USPOULTRY and the USPOULTRY Foundation announce the completion of a funded research project at the USDA, ARS, National Disease Center in which researchers assessed the efficacy of Salmonella vaccines to reduce S. Reading colonization, dissemination and persistence in turkeys. The research was made possible in part by the Cooper Family Foundation and proceeds from the International Poultry Expo, part of International Production & Processing Expo (IPPE). The research is part of USPOULTRY's comprehensive research program that encompasses all phases of poultry and egg production and processing. A summary of the completed project is below.

  • Project BRU015: Vaccination Against Salmonella Enterica Serotype Reading: Evaluation of the Cross-Protective Salmonella BBS 866 Vaccine and the Avipro Megan Egg Vaccine at Reducing Outbreak-Associated S. Reading Colonization, Dissemination and Persistence in Turkeys (Dr. Shawn Bearson, USDA, ARS, National Animal Disease Center in Ames, Iowa)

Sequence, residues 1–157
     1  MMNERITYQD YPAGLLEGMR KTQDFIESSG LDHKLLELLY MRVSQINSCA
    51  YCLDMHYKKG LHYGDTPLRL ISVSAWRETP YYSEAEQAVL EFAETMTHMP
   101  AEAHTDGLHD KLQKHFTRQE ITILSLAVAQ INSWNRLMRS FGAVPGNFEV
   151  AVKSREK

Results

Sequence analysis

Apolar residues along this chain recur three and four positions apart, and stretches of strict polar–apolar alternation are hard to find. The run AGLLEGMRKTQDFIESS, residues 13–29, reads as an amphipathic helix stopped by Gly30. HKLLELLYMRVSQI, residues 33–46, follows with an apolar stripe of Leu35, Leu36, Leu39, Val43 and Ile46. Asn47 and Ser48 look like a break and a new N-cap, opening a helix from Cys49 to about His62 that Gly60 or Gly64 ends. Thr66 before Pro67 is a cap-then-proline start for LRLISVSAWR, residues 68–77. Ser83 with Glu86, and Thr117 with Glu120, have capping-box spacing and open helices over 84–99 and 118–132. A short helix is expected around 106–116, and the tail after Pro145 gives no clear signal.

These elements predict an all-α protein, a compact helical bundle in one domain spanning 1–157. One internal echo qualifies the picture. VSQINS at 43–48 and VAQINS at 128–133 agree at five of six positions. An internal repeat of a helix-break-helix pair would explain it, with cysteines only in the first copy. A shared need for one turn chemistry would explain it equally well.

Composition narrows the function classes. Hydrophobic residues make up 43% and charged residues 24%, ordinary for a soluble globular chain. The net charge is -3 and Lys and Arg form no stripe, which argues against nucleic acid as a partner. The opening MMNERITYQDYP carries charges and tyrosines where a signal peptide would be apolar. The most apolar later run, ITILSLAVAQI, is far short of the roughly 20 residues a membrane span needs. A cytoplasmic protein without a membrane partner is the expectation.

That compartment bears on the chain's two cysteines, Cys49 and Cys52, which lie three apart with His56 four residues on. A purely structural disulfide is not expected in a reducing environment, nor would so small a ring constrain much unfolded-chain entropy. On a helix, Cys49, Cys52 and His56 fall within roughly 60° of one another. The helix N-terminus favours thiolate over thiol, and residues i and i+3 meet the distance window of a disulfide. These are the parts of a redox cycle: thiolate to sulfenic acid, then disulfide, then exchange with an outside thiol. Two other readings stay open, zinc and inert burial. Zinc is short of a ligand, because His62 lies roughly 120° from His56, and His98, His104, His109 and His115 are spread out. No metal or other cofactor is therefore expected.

The previous foodborne outbreak of Salmonella enterica serovar Reading revealed the need for effective control of this serovar in turkey production. Vaccination can reduce Salmonella in poultry. Dr. Shawn Bearson, a microbiologist within the Food Safety & Enteric Pathogens Research Unit at the USDA, ARS, National Animal Disease Center, recently completed a research project that assessed the vaccine efficacy of two live-attenuated Salmonella vaccines, the commercial AviPro Megan Egg vaccine and an internally developed cross-protective BBS 866 DIVA vaccine, to reduce S. Reading colonization in turkeys. Findings showed that vaccination with BBS 866 or AviPro Megan Egg significantly reduced colonization by S. Reading in turkeys, indicating that these vaccines are cross-protective and could be a pre-harvest intervention strategy against this serovar.

The research summary can be found on the USPOULTRY website. Information on other association research may also be obtained by visiting the USPOULTRY website at

Sources: USPOULTRY; USPOULTRY Foundation; Dr. Shawn Bearson (USDA, ARS, National Animal Disease Center, Ames, Iowa) and other researchers; Cooper Family Foundation; International Poultry Expo